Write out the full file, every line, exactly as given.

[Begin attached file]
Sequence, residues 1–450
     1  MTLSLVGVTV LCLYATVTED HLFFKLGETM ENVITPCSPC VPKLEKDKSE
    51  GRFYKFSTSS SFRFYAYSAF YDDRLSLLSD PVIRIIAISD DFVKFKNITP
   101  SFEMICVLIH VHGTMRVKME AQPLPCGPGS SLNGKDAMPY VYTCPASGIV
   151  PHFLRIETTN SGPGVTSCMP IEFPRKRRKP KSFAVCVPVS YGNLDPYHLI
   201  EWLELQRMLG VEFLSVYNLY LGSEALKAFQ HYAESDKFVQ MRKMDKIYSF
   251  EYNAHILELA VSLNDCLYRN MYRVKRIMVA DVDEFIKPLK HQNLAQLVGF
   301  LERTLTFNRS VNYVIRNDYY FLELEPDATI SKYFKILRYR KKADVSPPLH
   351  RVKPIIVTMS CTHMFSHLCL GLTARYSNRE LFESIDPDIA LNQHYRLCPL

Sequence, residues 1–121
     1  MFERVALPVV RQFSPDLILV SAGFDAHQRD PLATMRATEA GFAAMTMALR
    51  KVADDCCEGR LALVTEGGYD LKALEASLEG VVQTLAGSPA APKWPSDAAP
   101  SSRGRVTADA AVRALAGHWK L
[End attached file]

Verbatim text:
Sequence, residues 1–450
     1  MTLSLVGVTV LCLYATVTED HLFFKLGETM ENVITPCSPC VPKLEKDKSE
    51  GRFYKFSTSS SFRFYAYSAF YDDRLSLLSD PVIRIIAISD DFVKFKNITP
   101  SFEMICVLIH VHGTMRVKME AQPLPCGPGS SLNGKDAMPY VYTCPASGIV
   151  PHFLRIETTN SGPGVTSCMP IEFPRKRRKP KSFAVCVPVS YGNLDPYHLI
   201  EWLELQRMLG VEFLSVYNLY LGSEALKAFQ HYAESDKFVQ MRKMDKIYSF
   251  EYNAHILELA VSLNDCLYRN MYRVKRIMVA DVDEFIKPLK HQNLAQLVGF
   301  LERTLTFNRS VNYVIRNDYY FLELEPDATI SKYFKILRYR KKADVSPPLH
   351  RVKPIIVTMS CTHMFSHLCL GLTARYSNRE LFESIDPDIA LNQHYRLCPL

Sequence, residues 1–121
     1  MFERVALPVV RQFSPDLILV SAGFDAHQRD PLATMRATEA GFAAMTMALR
    51  KVADDCCEGR LALVTEGGYD LKALEASLEG VVQTLAGSPA APKWPSDAAP
   101  SSRGRVTADA AVRALAGHWK L